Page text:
A little background: In 1975, a few years after Cook established the P v NP problem, Baker, Gill and Solovay created two sets A and B such that every NP machine that could ask questions about A could be simulated by a P machine that could ask questions to A and there is some language accepted by an NP machine that could ask questions to B that cannot be solved by a P machine that could ask questions to B. In other words P

^{A}= NP

^{A}but P

^{B}≠ NP

^{B}.

All the known proof techniques at the time relativized, i.e., if you proved two classes were the same or different, they would be the same of different relative to any set. BGS implied that these techniques could not settle the P v NP problem.

In the 80's and 90's we got very good at creating these relativized worlds and, with a couple of exceptions, we created relativized worlds that make nearly all the open questions of complexity classes between P and PSPACE both true and false.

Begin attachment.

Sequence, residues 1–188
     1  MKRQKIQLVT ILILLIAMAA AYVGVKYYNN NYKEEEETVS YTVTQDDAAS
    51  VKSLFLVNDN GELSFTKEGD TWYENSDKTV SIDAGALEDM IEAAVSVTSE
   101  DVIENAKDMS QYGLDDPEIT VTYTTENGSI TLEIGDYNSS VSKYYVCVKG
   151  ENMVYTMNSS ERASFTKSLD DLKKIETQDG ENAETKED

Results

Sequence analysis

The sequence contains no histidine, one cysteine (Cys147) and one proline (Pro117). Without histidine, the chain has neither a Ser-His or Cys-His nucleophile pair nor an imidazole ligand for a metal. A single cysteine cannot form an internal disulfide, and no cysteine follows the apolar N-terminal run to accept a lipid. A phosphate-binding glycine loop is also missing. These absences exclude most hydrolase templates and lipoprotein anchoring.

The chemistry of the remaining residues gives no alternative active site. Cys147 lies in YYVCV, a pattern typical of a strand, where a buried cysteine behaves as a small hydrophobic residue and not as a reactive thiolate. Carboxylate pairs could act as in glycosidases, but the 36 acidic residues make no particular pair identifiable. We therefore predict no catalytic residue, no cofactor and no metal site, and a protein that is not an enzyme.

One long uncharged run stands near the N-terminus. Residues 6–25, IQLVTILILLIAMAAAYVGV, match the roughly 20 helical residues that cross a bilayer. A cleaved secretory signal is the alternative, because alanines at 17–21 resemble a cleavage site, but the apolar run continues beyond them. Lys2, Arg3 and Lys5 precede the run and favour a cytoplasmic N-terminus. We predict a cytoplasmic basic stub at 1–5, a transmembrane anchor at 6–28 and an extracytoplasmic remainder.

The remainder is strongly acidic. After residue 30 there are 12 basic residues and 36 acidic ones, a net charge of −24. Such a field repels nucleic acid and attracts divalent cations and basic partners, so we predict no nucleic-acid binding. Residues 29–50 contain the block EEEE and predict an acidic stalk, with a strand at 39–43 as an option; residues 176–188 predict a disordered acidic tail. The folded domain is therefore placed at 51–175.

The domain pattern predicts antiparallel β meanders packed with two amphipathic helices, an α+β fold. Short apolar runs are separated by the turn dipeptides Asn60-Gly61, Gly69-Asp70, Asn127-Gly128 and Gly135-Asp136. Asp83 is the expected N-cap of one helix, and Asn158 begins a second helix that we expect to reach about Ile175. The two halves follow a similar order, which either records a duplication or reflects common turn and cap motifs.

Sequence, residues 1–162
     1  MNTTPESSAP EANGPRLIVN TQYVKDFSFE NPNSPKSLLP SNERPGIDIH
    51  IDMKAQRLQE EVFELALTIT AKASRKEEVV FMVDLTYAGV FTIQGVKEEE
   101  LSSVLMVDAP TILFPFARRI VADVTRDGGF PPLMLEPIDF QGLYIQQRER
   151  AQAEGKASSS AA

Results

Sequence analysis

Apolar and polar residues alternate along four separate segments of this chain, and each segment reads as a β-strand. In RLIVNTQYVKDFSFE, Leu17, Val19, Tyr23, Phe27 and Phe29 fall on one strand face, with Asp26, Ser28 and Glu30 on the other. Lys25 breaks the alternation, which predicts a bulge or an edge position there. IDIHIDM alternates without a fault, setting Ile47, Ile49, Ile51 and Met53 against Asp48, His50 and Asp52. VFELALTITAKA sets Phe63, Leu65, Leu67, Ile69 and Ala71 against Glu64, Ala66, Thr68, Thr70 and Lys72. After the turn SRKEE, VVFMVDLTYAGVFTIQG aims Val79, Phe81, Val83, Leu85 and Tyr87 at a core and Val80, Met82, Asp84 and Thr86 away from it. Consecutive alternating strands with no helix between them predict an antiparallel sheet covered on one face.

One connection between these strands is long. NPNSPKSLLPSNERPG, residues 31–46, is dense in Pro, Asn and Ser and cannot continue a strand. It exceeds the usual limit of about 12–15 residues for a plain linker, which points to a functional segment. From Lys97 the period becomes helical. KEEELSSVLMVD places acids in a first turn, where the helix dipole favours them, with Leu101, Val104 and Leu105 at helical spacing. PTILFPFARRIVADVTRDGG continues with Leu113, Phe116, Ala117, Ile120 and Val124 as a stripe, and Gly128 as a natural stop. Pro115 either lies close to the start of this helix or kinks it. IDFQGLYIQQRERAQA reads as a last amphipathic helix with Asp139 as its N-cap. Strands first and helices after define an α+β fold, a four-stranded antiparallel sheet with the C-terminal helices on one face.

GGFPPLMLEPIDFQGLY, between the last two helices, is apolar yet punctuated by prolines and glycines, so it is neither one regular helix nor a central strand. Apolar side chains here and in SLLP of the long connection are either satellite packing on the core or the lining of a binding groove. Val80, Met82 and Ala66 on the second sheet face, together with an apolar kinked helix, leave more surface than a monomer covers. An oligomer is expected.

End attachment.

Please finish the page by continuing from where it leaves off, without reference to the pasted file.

There were some results in the that were non-relativizing for technical uninteresting reasons. In the late 80s/early 90s we had some progress, results like NP having zero-knowledge proofs, co-NP (and later PSPACE) having interactive proofs and NEXP having (exponential-sized) probabilistically checkable proofs, despite relativized worlds making those statements false. But then it stopped. We had a few more nonrelativizing results but those just used the results above, not any new techniques.

In 1994 I wrote on survey on what relativization meant post-interactive proofs, still mostly up to date. We have seen new barriers put up such as natural proofs and algebrization, but until we can at least get past traditional relativization we just cannot make much more progress with complexity classes.